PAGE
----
This challenged me to think about the film a bit harder.  Specifically, are there things I did like?  Things that I could appreciate even if they did not work?

There things I liked.  For instance, Franklin Storm.  I liked him.  He radiated a general kindness and his interactions with Johnny and Sue were welcome additions.  It’s frustrating he kind of fades away until he is needed for the “Big Emotional Motivation” towards the end.

johnny_stormI did like Johnny Storm in general.  The specifics frustrate me…Johnny as a free spirited risk taker works better for me than “Angry Risk Taker”.  Michael B. Jordan manages to still infuse some charm into the role.

I like the cast in general.  All the actors are proven talent, so the issue was never performance.  The actors did their best with questionable material.  Dr. Doom especially suffers there.  Nothing about his early behavior suggests what he will become.  There is an offhanded comment about whether the world should be saved…but once everyone gets their powers, Doom is lost and nobody seems to care.  Once he reappears he hates the world and wants to destroy…because.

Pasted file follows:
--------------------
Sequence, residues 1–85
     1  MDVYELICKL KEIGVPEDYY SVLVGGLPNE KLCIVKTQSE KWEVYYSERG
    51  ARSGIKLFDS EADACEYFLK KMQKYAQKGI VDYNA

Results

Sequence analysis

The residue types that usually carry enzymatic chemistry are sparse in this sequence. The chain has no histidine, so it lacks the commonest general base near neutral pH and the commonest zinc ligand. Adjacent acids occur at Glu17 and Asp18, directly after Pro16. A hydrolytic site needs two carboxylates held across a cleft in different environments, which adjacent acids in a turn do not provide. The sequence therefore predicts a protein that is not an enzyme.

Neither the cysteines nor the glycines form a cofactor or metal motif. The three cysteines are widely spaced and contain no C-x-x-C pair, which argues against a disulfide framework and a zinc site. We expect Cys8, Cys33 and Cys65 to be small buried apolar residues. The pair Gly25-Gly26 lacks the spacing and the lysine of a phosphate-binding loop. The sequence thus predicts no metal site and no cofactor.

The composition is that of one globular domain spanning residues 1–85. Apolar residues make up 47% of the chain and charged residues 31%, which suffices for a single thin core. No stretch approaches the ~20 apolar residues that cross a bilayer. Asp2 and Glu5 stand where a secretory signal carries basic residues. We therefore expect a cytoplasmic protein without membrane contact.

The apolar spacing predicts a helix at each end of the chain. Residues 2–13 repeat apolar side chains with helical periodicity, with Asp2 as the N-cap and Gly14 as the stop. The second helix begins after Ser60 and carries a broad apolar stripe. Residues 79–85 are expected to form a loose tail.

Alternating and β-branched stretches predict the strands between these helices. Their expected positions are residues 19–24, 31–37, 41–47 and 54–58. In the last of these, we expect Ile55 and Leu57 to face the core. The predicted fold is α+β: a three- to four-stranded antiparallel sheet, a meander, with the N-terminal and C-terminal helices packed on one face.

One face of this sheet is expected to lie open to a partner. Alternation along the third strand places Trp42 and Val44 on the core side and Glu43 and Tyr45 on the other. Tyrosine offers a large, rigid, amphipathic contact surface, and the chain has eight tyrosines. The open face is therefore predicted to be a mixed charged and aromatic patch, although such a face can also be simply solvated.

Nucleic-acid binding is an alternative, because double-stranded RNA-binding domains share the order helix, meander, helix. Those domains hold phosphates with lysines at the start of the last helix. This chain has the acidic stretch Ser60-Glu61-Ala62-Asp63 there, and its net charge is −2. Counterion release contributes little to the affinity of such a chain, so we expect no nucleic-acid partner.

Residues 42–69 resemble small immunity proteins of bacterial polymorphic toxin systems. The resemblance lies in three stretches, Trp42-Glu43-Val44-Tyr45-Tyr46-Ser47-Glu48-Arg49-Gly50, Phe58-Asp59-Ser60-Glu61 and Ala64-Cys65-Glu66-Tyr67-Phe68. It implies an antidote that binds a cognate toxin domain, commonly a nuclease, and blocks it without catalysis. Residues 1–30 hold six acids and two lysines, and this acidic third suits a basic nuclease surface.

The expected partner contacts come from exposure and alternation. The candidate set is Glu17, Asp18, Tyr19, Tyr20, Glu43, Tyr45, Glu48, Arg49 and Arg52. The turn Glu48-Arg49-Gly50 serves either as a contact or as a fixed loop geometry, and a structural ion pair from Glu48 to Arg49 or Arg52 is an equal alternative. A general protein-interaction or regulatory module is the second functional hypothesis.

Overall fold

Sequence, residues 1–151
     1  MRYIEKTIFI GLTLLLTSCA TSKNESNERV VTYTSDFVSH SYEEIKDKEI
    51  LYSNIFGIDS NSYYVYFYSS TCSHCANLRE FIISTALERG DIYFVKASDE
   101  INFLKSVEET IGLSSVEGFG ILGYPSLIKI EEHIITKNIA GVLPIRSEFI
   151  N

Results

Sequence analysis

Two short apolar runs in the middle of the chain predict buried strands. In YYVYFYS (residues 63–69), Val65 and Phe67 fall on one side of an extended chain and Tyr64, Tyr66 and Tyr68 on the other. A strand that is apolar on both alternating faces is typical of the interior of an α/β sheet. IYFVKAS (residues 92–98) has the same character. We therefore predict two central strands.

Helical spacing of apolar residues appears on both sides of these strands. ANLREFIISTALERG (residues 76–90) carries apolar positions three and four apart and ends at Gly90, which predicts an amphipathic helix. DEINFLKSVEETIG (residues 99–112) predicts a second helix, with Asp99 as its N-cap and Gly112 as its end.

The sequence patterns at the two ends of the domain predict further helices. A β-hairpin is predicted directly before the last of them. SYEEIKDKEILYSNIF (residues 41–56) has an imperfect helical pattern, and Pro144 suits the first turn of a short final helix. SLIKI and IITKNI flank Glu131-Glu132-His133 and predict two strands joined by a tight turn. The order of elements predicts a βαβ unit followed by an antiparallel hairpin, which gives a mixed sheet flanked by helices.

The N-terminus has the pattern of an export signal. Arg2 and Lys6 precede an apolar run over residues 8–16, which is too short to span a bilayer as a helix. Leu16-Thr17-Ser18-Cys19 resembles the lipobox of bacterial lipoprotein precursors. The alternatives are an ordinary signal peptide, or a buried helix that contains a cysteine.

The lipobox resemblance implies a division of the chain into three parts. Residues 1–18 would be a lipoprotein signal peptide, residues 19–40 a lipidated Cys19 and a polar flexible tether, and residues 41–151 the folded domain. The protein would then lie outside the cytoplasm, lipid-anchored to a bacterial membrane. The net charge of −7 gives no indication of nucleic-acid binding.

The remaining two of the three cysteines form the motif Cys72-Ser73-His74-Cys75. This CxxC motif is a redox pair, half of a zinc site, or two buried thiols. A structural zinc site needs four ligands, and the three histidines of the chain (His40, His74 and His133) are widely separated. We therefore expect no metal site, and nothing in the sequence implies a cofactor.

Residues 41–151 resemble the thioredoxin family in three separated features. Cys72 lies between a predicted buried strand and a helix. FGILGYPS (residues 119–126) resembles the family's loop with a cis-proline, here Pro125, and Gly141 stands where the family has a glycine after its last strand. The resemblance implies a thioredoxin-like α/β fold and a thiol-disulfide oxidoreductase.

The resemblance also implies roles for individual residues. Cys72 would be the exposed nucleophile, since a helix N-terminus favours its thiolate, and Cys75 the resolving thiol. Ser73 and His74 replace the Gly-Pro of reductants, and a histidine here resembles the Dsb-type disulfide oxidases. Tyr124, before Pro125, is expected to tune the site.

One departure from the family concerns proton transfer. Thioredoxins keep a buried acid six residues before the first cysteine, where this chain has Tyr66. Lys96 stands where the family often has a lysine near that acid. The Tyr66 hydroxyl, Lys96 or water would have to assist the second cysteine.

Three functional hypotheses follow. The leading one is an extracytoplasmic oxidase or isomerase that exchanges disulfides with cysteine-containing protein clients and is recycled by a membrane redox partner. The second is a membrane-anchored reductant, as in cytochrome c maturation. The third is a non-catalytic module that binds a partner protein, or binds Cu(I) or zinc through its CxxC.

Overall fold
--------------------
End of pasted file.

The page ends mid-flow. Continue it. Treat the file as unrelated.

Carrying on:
The use of powers, especially by Reed, were pretty effective.

I liked the inter-dimensional travel part of the plot.  The use of science in general.  The early suggestions of Sc-Fi Adventure would have been a great path to go.  This was clearly borrowed from the Ultimate Fantastic Four comics.  I think this works well.

Leaping from there, I think would have benefited the film to have a different villain.  Victor Von Doom should have been there, but more as a scientific foil for Reed.  It might have been a good idea to borrow from the comics, unbeknownst to the rest of the crew, Doom alters their coordinates, resulting in the tragedy that gives them all powers.  And Sue would be there with them.  Not sitting back at a computer terminal.

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Instead, a different villain.  An obvious choice would have been Annihilus.  The discovery of an alternate dimension is not one way.  Save Doom for a later film in the franchise.

reed_richardsAnd then there is the whole deal of Reed running away.  Yeah, it gives Ben his motivation for anger towards Reed.  But it felt like getting rid of Reed was more because they did not know what to do with him.  The idea that Reed sees Ben in his rock form and simply runs away…just does not gel.  It would have made more sense to show Reed working with Franklin and Sue Storm with the goal of getting everybody back to normal.  The big conflict with the military regarding the attempts to turn Ben and Johnny into weapons.

There are all sorts of ways this film could have gone to be better.  A brighter color pallet for instance.  More humor.  More heroics.

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And for Pete’s sake…give Ben Grimm some pants.